10 U.S.C. § 1408(a)(4)(B). Thus, the Amendment freezes a spouse's interest in the service member's military retirement as of the date of divorce. Subsection 10 U.S.C. § 1408(a)(4)(B) preempts states from considering military service or pay increases after the date of divorce. This calculation contrasts with the general rule that the total interest in a defined benefit retirement plan is valued as of the day of retirement. See Mann v. Mann, 22 Va. App. 459, 464 (1996).
In summary, in determining the total interest of a member's military retirement for purposes of equitable distribution pursuant to Code § 20-107.3, the Amendment simply requires that the trial court use the date of divorce as the hypothetical date of retirement so that the amount of retired pay "us[es] the member's retired pay base and years of service on the date of the decree of divorce." 10 U.S.C. § 1408(a)(4)(B). The Amendment precludes the state court from including post-divorce service as a component of the total interest in the service member's military retirement.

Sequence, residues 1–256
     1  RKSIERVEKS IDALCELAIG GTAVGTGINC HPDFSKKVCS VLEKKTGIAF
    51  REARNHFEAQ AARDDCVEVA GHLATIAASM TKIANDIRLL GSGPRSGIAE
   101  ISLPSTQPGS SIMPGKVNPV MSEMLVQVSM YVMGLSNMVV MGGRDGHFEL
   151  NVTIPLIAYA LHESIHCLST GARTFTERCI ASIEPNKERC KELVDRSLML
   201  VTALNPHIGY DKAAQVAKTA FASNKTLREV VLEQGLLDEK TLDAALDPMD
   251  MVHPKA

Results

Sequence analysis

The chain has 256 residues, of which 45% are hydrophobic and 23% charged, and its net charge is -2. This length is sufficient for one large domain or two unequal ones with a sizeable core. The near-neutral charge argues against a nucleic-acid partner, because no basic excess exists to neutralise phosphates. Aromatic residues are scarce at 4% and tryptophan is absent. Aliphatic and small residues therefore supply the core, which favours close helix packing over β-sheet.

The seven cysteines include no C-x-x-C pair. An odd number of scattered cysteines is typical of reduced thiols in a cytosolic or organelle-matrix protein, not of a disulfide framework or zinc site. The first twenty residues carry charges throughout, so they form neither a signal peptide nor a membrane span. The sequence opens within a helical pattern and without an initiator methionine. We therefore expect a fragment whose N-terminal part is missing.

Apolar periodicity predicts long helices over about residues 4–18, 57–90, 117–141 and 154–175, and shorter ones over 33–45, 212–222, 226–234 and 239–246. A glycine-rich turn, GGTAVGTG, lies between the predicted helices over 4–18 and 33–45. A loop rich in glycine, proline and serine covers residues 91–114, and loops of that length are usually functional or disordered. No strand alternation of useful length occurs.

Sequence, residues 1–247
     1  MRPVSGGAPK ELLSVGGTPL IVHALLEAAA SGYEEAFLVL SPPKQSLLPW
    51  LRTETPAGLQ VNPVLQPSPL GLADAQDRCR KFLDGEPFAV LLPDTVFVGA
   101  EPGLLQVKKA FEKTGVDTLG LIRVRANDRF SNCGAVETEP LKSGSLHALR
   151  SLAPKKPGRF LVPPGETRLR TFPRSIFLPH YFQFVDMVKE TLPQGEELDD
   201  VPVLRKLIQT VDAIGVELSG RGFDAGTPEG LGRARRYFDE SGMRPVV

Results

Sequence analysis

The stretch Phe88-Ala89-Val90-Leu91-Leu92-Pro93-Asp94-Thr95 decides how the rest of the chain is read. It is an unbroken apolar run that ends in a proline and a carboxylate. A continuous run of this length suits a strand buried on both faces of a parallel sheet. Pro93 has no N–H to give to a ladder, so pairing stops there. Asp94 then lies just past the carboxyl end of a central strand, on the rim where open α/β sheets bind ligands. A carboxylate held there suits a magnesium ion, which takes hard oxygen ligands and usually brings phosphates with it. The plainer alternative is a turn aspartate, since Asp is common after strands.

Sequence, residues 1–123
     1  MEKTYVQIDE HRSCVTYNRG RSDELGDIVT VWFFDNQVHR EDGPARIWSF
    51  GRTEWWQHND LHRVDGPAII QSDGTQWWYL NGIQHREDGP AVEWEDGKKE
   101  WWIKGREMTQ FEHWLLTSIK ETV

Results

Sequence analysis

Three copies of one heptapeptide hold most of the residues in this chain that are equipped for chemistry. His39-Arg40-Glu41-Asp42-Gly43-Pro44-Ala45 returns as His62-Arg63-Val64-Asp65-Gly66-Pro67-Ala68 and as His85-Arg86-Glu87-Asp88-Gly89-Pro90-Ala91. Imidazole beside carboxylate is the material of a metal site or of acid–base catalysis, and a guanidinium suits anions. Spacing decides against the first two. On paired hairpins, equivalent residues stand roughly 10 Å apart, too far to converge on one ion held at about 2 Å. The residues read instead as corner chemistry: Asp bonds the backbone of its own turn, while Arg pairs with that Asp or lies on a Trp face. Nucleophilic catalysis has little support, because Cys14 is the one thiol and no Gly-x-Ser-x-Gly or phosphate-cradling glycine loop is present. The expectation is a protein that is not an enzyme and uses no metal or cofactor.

B. Marital Share of a Military Retirement Under Virginia Law
A trial court may equitably distribute only the marital share of military retired pay. See Code §§ 20-107.3(A)(3); -107.3(G). Where a military member served before the marriage the total monthly retired pay to which a member is entitled upon retirement is not entirely marital property. Accordingly, once a military retirement interest has been identified, the trial court must determine the marital share of the interest. See Code § 20-107.3(G)(1).